The Bureau of Economic Analysis has released its annual data on compensation levels by industry. The data show that the pay advantage enjoyed by federal civilian workers over private-sector workers continues to expand.
Summarizing a new Government Accountability Office study, the Washington Post reports that “the cost of building and operating the controversial U.S. ballistic missile sites in Europe could substantially exceed the original estimate of more than $4 billion.”
Federal unions, government officials, and the Washington Post’s “Federal Diary” column frequently suggest that federal civilian workers are underpaid. They suffer from a large “pay gap” compared to private sector workers, or so the story goes.
But in the Post’s “Jobs” section yesterday, human resources specialist Lily Garcia argues that “Uncle Sam Is a Boss You Can Rely On.” For job seekers, Garcia points to the many advantages of federal work:
Ohio lawmakers are hot under the collar about federal stimulus dollars possibly helping Georgia bid away one of its big employers. Here’s the Dayton Daily News:
NCR’s news release touting its decision to move jobs from Dayton to the Atlanta, Ga. suburbs includes one factoid that has Ohio lawmakers in a fury: The City of Columbus, Ga. plans to use federal stimulus dollars to buy a building and construct another to accommodate the 870 manufacturing jobs expected to come to the that Atlanta suburb. ‘The fact that economic stimulus dollars were used to move an Ohio company to Georgia at taxpayer expense is an outrage,’ said state Sen. Jon Husted.
Added U.S. Rep. Pat Tiberi, R-Columbus: “Federal stimulus money is being used to create winners and losers among workers in different states and that’s just not right; it’s dirty.”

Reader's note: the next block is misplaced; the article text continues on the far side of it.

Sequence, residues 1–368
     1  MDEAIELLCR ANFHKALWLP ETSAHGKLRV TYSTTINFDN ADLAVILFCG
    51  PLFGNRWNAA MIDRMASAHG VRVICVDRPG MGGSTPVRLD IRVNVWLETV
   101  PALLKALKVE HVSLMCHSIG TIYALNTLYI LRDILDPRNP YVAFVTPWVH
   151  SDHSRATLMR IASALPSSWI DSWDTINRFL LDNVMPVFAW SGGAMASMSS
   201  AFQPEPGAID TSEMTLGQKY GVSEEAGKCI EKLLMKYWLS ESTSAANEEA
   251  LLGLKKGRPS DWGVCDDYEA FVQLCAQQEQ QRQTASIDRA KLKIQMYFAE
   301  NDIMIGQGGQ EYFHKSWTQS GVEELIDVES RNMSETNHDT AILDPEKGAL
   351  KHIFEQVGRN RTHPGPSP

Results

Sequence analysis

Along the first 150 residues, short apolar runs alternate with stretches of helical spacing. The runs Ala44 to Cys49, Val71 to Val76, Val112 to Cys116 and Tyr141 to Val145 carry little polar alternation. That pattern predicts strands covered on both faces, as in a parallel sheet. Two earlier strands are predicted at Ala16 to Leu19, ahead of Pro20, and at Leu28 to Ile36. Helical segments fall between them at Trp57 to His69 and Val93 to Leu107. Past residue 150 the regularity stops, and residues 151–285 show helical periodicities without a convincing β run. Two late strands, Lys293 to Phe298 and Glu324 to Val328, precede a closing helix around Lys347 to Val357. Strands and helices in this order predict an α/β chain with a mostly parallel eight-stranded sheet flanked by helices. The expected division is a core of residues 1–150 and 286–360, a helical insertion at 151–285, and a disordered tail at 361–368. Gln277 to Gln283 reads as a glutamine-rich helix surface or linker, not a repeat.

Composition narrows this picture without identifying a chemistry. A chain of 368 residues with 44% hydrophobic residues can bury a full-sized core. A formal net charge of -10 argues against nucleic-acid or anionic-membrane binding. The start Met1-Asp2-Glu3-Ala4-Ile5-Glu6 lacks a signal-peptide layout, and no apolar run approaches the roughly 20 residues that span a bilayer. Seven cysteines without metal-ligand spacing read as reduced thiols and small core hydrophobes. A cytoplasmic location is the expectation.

All I can say to both parties is that’s what you get for building an imperial city on the Potomac and spending the last few decades destroying the constitutional principle of federalism. As I’ve described in this study, regional warfare over federal subsidies has escalated in recent years. It’s horribly wasteful, and it’s getting worse.
The head of the Office of Personnel Management claims that federal workers are underpaid compared to private sector workers by 20 percent, on average. Federal unions and other cheerleaders for the bureaucracy have been making similar claims for years.
Federal workers are not underpaid.
Now a Human Resources expert writing in The Washington Post backs up my claims. Lily Garcia writes:
The primary advantages of working for the federal government are generous benefits, solid pay, and relative job security, a combination that is challenging to find in the private sector, even in the best of times … In addition to these benefits, federal employees, contrary to popular belief, are paid relatively well.
One policy implication is that federal worker compensation would be a good place to look for budget savings to reduce the federal deficit. We could start with a two-year freeze on federal salaries to save about $20 billion. During a recession, private wages are not increasing, so why should federal wages?
The Federal Diary column in the Washington Post is a curious piece of newspaper real estate. Most newspaper columns are aimed at the broad general public, but this column is aimed directly at the few hundred thousand government workers in the DC region. The result is that it takes a very government- and union-centric view of the world. The fact that the federal civilian workforce costs taxpayers an enormous $300 billion or so every year is beside the point for the column.
In a briefing with reporters yesterday, the head of the Office of Personnel Management complained about a Lou Dobbs television bit that featured this data that I assembled from the Bureau of Economic Analysis. The Federal Diary columnist called me yesterday about the data, and I explained to him the shortcomings of the OPM claims that federal workers are underpaid.
Unfortunately, the Federal Diary today simply parrots the OPM’s claims, calling the Dobbs/Edwards/BEA data “misleading.” Yet this data clearly shows that federal compensation has taken off like a rocket this decade.